Measurement properties of the CHAMPS physical activity questionnaire in a sample of older Australians
ABSTRACT The effective evaluation of physical activity interventions for older adults requires measurement instruments with acceptable psychometric properties that are sufficiently sensitive to detect changes in this population.
To assess the measurement properties (reliability and validity) of the Community Healthy Activities Model Program for Seniors (CHAMPS) questionnaire in a sample of older Australians.
CHAMPS data were collected from 167 older adults (mean age 79.1 S.D. 6.3 years) and validated with tests of physical ability and the SF-12 measures of physical and mental health. Responses from a sub-sample of 43 older adults were used to assess 1-week test-retest reliability.
Approximately 25% of participants needed assistance to complete the CHAMPS questionnaire. There were low but significant correlations between the CHAMPS scores and the physical performance measures (rho=0.14-0.32) and the physical health scale of the SF-12 (rho=0.12-0.24). Reliability coefficients were highest for moderate-intensity (ICC=0.81-0.88) and lowest for vigorous-intensity physical activity (ICC=0.34-0.45). Agreement between test-retest estimates of sufficient physical activity for health benefits (> or =150min and > or =5 sessions per week) was high (percent agreement=88% and Cohen's kappa=0.68).
These findings suggest that the CHAMPS questionnaire has acceptable measurement properties, and is therefore suitable for use among older Australian adults, as long as adequate assistance is provided during administration.
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ABSTRACT: This study examined the effect of dancing on the functional performance and physical activity levels of 45 retirement village residents participating in either a control (n = 13), Once a Week (n = 18) or Twice a Week (n = 14) dance group for 12 weeks. Changes in functional performance were assessed by three functional tests (30 s bicep curl, Timed Up and Go and the Four Square Step Test) as well as the Late Life Function Index. The CHAMPS questionnaire was used to estimate the weekly total as well as moderate and greater intensity energy expenditure and associated frequency counts. Once a Week dancing resulted in significantly greater improvements in Four Square Step Test and estimated total energy expenditure than the control group; whereas the Twice a Week group significantly improved their Late Life Function Index (Total and Basic Lower Extremity) scores significantly more than the control group (p<0.05). No significant between-group differences were observed in the changes for the two dance groups (p>0.05). These results further support the belief that even once a week exercise (including dancing) can produce some significant benefits for older adults.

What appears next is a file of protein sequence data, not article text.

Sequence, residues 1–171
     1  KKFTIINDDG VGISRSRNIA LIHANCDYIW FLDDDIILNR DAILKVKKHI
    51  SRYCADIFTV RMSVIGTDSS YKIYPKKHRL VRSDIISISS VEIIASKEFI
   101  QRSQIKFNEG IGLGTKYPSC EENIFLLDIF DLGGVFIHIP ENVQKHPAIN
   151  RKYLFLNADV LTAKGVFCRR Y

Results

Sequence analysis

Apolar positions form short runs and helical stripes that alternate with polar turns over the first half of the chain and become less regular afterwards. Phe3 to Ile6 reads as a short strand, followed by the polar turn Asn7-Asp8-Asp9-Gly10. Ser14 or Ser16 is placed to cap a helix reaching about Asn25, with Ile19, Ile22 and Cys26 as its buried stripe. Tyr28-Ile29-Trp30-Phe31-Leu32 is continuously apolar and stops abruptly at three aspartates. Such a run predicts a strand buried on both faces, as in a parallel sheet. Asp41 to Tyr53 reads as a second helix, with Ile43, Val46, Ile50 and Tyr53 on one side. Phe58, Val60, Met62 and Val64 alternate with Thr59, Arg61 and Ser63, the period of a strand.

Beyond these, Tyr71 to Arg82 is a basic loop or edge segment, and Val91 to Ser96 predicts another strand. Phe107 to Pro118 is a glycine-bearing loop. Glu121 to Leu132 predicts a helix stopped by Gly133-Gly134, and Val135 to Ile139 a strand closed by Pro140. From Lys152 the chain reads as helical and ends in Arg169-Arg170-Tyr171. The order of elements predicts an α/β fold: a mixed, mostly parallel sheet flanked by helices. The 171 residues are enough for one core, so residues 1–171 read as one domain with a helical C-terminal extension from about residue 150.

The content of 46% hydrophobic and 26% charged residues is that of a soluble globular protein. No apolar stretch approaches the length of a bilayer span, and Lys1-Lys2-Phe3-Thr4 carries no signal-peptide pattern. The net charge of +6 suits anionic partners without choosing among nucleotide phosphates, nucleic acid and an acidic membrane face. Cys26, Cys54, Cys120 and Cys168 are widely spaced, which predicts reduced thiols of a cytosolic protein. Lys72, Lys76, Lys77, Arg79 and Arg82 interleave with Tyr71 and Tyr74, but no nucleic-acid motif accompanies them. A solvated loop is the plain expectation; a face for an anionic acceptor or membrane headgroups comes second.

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ABSTRACT: This study describes moderate to vigorous physical activity (MVPA) and sedentary behavior among New York City (NYC) residents 60 years and older and compare to national United States' estimates. Adults aged 60 or older living in NYC (n=760) were compared to similar aged adults from the National Health and Nutrition Examination Survey (NHANES) (n=2451 adults). Both groups wore an ActiGraph accelerometer for one week. The NYC sample recorded 13.2, 23.8, and 37.8 mean minutes/day of MVPA and the NHANES sample recorded 10.6, 21.1, and 39.3, depending on the definition. Sedentary behavior averaged 9.6 hours/day for the NYC sample and 9.3 hours/day for the NHANES sample. The NYC sample spent a longer proportion of time in sedentary behavior and light activities, but more time in MVPA than the NHANES sample. Urbanicity may explain some of the differences between the two samples.Journal of Aging and Physical Activity 10/2013; 22(4). DOI:10.1123/JAPA.2012-0345 · 1.41 Impact Factor
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ABSTRACT: The purpose of this study was to establish validity evidence of four physical activity (PA) questionnaires in culturally diverse older adults by comparing self-report PA with performance-based physical function. Participants were 54 older adults who completed the Continuous Scale Physical Functional Performance 10-item Test (CS-PFP10), Physical Activity Scale for the Elderly (PASE), CHAMPS Physical Activity Questionnaire for Older Adults, Yale Physical Activity Survey (YPAS), and modified Baecke questionnaire. The total PASE score, three outcome scores for the CHAMPS, and three summary indices for the YPAS were significantly correlated with total CS-PFP10 score. The modified Baecke exhibited no correlations with CS-PFP10 scores. The PASE, CHAMPS, and YPAS appear to be the most valid PA self-report questionnaires for culturally diverse older adults.Research quarterly for exercise and sport 01/2013; 79(1):42-50. DOI:10.1080/02701367.2008.10599459 · 1.26 Impact Factor